2005 / The first year that the category was decided by its own jury. Four campaigns were awarded Titanium Lions but none were deemed worthy of a Grand Prix. The winning campaigns were: Grr for Honda by Wieden & Kennedy London; 5 Cent for Virgin Mobile Australia by Glue Society of Sydney; Life on Board for Volvo by Havas; and Counterfeit for Mini Cooper by Crispin Porter + Bogusky, Miami.

2006 / Design Barcode won the only Titanium Lions awarded in 2006 and it was not deemed worthy of a Grand Prix.

2007 / Xbox Games Innovative Campaign for Burger King by Crispin Porter + Bogusky, Miami, won the Titanium Grand Prix.

2008 / Uniqlock for Uniqlo by Projector, Tokyo, won the Grand Prix.

2009 / Obama For America won the Grand Prix.

2010 / Twelpforce for Best Buy by Crispin Porter + Bogusky USA won the Grand Prix.

2011 / Three campaigns won Titanium Lions but none were deemed worthy of a Grand Prix. The winning campaigns were: The American Takeover for Rom by McCann Bucharest; The Speed Camera Lottery for Volkswagen by DDB Stockholm; and Decode Jay-Z for Bing by Droga5 New York.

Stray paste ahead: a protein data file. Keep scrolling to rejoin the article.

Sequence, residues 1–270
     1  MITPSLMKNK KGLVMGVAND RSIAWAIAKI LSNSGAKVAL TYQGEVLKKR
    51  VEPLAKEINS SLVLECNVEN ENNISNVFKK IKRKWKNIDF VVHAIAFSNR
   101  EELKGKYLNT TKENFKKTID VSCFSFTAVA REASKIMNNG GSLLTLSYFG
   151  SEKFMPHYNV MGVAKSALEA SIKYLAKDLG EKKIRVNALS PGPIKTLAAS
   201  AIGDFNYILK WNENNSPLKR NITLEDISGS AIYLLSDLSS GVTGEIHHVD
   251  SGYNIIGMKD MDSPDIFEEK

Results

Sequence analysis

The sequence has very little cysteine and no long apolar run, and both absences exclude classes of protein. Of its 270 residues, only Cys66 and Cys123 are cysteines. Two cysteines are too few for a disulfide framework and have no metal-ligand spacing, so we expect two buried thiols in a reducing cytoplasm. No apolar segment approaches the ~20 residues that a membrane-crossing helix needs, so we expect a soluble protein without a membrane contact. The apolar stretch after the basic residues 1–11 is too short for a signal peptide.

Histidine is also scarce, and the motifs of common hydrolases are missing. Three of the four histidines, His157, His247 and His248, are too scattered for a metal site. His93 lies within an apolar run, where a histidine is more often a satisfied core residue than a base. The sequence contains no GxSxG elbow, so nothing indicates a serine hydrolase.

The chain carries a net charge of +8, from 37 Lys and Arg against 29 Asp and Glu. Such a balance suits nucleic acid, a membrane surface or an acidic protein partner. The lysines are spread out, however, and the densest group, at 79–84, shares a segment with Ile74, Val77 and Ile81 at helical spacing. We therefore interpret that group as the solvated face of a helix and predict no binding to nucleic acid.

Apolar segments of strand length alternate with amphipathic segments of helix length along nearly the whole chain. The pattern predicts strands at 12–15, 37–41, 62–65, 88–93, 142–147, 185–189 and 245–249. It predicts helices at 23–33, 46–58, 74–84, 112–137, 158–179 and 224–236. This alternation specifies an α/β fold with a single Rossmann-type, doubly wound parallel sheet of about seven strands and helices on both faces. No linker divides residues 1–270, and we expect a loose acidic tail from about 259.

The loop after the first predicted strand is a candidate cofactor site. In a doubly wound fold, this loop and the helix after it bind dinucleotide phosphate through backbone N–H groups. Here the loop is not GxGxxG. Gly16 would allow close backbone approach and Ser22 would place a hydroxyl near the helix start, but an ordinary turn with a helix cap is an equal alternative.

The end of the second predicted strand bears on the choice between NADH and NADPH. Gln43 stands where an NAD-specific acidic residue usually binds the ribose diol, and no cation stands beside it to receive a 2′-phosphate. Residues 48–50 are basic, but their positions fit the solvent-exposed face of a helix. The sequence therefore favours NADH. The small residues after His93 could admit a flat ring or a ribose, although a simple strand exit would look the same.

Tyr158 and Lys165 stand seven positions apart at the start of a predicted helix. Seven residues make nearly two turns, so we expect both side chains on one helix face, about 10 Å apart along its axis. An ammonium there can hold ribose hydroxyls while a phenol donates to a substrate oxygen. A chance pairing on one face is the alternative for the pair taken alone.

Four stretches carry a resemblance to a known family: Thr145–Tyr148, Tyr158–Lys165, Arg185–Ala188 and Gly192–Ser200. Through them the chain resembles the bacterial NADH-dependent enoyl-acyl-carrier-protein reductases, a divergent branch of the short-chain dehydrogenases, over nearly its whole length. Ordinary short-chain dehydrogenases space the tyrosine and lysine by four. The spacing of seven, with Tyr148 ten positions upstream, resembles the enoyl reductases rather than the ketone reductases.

2012 / Nike+ Fuelband for Nike by R/GA New York won the Grand Prix.

2013 / Real Beauty Sketches for Dove by Ogilvy Brasil won the Grand Prix.

2014 / Sound of Honda / Ayrton Senna 1989 for Honda by Dentsu Tokyo won the Grand Prix.

2015 / Emoji Ordering for Domnino’s by Crispin Porter + Bogusky, Boulder, won the Grand Prix.

2016 / #OptOutside for REI by Venables Bell & Partners, San Francisco, won the Grand Prix.

2017 / Fearless Girl for State Street Global Advisors by McCann New York won the Grand Prix.

2018 / Palau Pledge for Palau Legacy Project by Host/Havas Sydney won the Grand Prix.

2019 / Whopper Detour for Burger King by FCB New York won the Grand Prix.

2020 / The Cannes Lions International Festival of Creativity did not take place because of the Covid-19 pandemic.

2021 / #Wombpainstories for Essity by AMV BBDO, London, won the Grand Prix.

2022 / Long Live The Prince for The Kiyan Prince Foundation by Engine, London, won the Grand Prix.